def distance

   # Retrieve the coordinate for Mitchell's Steakhouse
   mitchells = GoogleGeocoder.geocode("45 North Third Street,
                                       Columbus, Ohio 43215")

   # Retrieve the coordinates for the art museum
   museum = GoogleGeocoder.geocode("480 E Broad St, Columbus,
                                    Ohio 43215")

   # Retrieve the coordinates for Columbus, Ohio
   # (for map centering purposes)
   city = GoogleGeocoder.geocode("Columbus, Ohio")

   # Calculate the distance between the two locations
   @distance = mitchells.distance_from(museum)

   # Create a new map and center it on Columbus
   @map ="map")
   @map.center_zoom_init([, city.lng], 14)

   # Add an icon denoting Mitchell's location
   mitchells_marker =[,mitchells.lng])

   # Add an icon denoting the museum's location
   museum_marker =[,museum.lng])


The relevant part of the distance.html.erb view is shown next:

   The distance between Mitchell's Steakhouse and the Columbus
   Art Museum is <%= @distance.round(2) %> miles.
<%= @map.div(:width => 400, :height => 300) %>

Executing this action produces the outcome shown in Figure 2.

Figure 2: Calculating the difference between two points

Finding All Points Within a Specified Radius

Continuing your tour of GeoKit’s fascinating distance calculation features, suppose your pizzeria directory consisted of numerous pizzerias strewn throughout the Ohio region, but the user only wanted to see pizzerias located within 25 miles of a specific location. Doing so with GeoKit is laughably easy, thanks to a set of finder methods. For instance, to identify all pizzerias located within 25 miles of the Youngstown, Ohio area, you would execute the following code within your controller:

city = GoogleGeocoder.geocode("Youngstown, Ohio")
pizzerias = Pizzeria.find(:all, :origin => [, city.lng],
   :within => 25)

From here, you can cycle through each pizzeria, adding its icon to the map. Combining this approach with what you learned in the previous installment, the user might encounter four pizzerias in the Youngstown area:

Figure 3: Finding all points within a specific radius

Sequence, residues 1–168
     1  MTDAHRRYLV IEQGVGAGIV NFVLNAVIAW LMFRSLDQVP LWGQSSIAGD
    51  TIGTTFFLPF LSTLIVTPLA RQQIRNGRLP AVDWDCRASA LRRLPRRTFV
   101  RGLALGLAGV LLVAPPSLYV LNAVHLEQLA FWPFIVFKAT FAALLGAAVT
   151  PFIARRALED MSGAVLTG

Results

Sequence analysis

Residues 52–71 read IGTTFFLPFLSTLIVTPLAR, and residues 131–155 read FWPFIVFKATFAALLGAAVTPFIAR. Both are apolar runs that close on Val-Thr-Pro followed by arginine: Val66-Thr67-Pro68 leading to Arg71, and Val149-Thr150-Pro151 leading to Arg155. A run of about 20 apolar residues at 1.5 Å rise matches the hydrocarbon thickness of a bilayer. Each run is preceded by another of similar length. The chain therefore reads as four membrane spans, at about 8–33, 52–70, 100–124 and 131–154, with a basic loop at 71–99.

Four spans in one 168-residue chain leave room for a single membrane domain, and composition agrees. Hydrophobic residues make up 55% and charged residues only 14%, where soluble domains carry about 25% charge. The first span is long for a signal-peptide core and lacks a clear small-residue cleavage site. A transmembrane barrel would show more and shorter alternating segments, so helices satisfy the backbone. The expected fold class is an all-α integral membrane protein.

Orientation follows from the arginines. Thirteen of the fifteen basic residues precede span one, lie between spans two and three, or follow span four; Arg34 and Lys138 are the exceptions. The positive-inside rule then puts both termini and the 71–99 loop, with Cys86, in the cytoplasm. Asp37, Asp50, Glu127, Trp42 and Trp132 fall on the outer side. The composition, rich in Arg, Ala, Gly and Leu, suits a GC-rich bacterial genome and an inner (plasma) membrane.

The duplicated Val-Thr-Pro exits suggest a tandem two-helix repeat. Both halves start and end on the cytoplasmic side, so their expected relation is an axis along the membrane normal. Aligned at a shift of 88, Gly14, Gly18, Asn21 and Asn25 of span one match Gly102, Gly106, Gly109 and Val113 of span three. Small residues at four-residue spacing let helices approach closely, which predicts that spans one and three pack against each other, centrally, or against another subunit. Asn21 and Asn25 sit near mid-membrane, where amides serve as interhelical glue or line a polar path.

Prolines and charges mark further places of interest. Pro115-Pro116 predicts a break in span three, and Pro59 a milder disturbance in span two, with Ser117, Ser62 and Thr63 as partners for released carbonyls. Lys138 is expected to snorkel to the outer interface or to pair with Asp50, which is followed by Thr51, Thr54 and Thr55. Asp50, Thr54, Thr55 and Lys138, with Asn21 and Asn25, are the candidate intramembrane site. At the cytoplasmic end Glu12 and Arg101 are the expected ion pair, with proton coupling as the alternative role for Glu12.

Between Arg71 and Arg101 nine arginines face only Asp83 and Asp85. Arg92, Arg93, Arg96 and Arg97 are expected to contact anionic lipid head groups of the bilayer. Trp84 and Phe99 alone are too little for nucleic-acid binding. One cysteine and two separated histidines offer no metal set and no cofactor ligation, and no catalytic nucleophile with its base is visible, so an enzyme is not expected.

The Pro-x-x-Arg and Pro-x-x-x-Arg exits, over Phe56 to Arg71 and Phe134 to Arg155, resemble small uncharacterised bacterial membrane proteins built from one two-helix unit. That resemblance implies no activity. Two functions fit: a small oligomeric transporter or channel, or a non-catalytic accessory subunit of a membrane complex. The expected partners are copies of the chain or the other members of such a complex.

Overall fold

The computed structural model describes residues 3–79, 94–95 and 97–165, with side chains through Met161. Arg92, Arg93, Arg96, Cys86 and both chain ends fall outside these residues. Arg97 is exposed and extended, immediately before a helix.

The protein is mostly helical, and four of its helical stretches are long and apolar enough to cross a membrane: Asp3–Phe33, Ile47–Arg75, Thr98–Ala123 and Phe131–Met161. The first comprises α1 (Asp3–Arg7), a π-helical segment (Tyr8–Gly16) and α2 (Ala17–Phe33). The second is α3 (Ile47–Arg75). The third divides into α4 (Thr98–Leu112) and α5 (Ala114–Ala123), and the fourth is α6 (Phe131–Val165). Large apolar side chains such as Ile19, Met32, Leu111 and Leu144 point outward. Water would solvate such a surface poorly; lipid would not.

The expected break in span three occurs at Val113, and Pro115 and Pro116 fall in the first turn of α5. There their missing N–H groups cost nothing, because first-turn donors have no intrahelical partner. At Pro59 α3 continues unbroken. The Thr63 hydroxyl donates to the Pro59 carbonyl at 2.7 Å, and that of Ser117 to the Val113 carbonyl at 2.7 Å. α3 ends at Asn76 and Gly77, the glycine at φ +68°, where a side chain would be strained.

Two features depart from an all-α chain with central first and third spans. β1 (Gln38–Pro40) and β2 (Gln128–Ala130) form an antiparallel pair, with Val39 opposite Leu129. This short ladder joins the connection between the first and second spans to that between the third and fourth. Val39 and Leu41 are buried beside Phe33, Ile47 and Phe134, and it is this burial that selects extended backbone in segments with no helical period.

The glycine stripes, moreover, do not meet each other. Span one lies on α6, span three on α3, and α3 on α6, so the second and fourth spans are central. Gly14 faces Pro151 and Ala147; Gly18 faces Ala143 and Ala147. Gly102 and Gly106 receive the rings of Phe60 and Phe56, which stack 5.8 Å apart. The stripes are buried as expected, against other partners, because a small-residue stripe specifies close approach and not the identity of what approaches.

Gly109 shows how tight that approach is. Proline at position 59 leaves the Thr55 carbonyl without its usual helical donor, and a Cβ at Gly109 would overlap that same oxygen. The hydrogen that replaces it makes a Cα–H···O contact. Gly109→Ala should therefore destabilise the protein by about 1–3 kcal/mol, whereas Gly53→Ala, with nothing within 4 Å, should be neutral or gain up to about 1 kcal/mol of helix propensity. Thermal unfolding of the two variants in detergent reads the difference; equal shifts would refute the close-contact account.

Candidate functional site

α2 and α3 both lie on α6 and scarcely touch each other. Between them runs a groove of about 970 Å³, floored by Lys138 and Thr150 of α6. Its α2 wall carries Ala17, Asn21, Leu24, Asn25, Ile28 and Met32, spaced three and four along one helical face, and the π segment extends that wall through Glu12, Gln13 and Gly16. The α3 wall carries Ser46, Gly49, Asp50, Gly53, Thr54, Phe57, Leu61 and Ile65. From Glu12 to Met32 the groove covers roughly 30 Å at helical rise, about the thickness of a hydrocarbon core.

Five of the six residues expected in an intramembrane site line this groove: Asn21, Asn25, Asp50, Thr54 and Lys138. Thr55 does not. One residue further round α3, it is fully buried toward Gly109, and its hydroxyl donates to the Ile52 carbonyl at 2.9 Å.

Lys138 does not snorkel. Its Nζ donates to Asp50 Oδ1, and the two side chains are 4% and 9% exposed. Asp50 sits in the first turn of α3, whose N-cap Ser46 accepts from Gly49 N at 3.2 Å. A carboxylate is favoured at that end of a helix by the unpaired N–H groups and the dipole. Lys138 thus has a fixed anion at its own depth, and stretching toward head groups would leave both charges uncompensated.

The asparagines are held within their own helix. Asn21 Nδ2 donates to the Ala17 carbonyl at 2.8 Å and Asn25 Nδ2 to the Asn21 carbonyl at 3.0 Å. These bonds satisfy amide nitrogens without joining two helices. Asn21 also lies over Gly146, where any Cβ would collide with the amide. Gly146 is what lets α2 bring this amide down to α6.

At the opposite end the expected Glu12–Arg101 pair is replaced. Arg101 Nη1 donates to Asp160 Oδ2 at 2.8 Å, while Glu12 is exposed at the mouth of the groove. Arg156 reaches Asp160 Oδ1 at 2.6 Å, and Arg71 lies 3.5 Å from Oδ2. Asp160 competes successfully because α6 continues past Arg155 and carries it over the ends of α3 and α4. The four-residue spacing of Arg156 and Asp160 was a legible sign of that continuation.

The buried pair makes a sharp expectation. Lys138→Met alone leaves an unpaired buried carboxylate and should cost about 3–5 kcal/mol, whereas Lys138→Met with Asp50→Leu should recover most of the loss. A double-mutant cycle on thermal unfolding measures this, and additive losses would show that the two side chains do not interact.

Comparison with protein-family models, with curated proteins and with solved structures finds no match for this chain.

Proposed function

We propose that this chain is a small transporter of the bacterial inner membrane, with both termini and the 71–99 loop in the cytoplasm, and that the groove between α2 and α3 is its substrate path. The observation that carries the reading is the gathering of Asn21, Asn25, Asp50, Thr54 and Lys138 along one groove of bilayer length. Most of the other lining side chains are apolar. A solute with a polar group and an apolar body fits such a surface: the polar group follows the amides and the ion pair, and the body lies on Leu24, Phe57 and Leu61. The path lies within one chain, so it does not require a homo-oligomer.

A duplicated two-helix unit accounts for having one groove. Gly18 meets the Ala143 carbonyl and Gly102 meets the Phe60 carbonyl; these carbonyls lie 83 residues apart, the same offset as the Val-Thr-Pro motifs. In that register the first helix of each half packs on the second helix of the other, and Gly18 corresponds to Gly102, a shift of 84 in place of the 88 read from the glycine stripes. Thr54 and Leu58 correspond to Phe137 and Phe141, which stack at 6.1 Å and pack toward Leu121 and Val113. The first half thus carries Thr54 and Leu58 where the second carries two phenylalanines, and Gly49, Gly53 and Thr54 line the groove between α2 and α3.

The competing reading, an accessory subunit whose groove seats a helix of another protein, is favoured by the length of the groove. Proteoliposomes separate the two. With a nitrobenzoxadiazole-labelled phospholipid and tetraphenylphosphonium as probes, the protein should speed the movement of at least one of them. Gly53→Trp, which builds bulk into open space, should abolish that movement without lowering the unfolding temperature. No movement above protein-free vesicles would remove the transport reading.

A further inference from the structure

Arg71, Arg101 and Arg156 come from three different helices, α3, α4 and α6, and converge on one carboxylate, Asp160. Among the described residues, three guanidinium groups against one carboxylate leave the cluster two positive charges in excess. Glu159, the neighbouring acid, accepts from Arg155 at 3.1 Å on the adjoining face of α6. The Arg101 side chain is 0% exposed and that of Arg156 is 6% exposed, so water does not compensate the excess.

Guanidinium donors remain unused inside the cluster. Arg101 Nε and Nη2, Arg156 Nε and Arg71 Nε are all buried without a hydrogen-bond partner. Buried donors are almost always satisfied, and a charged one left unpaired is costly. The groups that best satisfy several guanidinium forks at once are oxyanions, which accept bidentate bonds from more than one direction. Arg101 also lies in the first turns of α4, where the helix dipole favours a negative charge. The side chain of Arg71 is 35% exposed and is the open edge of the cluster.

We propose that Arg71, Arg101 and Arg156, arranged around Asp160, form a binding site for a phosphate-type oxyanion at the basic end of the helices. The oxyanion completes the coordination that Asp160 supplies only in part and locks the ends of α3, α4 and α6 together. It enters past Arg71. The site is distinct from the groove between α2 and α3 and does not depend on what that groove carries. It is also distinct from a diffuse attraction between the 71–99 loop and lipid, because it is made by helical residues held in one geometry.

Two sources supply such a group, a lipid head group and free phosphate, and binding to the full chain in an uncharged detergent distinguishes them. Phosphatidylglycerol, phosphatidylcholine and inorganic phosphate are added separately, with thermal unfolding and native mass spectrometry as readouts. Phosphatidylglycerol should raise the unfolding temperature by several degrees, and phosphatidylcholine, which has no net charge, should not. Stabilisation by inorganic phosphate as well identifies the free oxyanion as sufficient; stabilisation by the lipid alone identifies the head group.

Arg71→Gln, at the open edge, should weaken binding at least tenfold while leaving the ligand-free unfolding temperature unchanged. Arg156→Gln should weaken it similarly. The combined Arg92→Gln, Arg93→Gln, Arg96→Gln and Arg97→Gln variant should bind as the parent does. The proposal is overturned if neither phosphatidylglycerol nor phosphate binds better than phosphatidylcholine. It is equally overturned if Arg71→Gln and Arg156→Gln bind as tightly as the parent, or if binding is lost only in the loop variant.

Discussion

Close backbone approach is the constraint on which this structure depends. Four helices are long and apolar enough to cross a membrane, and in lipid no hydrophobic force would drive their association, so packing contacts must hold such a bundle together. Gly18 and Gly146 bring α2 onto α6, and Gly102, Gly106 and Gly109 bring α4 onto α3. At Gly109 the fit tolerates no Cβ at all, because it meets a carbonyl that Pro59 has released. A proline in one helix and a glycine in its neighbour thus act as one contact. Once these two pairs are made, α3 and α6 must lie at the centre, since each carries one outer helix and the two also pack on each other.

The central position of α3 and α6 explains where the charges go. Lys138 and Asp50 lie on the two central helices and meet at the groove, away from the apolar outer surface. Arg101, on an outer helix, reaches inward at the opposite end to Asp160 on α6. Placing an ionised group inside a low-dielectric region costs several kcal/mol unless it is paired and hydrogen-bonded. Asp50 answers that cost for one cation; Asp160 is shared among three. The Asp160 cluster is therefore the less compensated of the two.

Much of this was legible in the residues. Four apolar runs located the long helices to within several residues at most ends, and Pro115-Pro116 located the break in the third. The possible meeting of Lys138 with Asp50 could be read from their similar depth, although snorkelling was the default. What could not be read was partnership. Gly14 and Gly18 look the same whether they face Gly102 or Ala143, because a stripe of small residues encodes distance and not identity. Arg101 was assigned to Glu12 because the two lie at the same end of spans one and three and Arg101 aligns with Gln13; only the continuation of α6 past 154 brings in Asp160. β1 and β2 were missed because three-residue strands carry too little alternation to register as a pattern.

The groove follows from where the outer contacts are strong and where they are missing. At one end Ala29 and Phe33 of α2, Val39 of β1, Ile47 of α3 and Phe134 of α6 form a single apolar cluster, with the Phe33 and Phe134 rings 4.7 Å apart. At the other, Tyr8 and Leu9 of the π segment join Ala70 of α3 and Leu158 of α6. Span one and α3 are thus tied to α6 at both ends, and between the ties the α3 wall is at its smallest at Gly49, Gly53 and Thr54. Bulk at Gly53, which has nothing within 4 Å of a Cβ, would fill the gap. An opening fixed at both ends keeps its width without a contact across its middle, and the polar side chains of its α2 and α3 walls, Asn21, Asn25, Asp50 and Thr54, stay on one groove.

Identifying User Locations

Many mapping applications are intended to help the user take advantage of the service in the context of his current location. Even though you could explicitly ask the user for his location, wouldn’t it be much cooler if you could automatically derive his location and adjust the map accordingly? Using GeoKit’s IP geocoding feature, you can do this simply by obtaining the user’s IP address.

GeoKit accomplishes this seemingly magical feat by passing the user’s IP address to the API, which will look up the address in its database and return the user’s city and state if found.

To retrieve a user’s IP address, pass request.remote_ip into the IpGeocoder.geocode method. Doing so will return GeoKit’s GeoLoc object, which includes a number of attributes, among them city, state, and even street_address. Consider the following controller method:

def ip
   @user_location = IpGeocoder.geocode(request.remote_ip)

You then could access the city within the view, like so:

It appears you're located in <%= %>.

Keep in mind that although this feature can be very useful, it isn’t foolproof. Remember,GeoKit relies on to determine the location based on an IP address, and even though’s database is massive (over 8.5 million entries and counting), it is by no means complete. For instance, was unable to identify my location in downtown Columbus, Ohio, although tests with known IP addresses from other cities worked fine. If your IP address isn’t found, be sure to take a moment and add it through the website.

Where to From Here?

With the geocoder component in place, you now have a complete mapping solution at your disposal. But, why stop here? In the next installment of this series, I’ll show you how to add interactive features to your maps, giving your users a variety of exciting new ways to take advantage of your application!

About the Author

W. Jason Gilmore is a freelance developer, consultant, and technical writer. He’s the author of several books, including the best-selling Beginning PHP and MySQL: From Novice to Professional, Third Edition (Apress, 2008. 1,080pp.).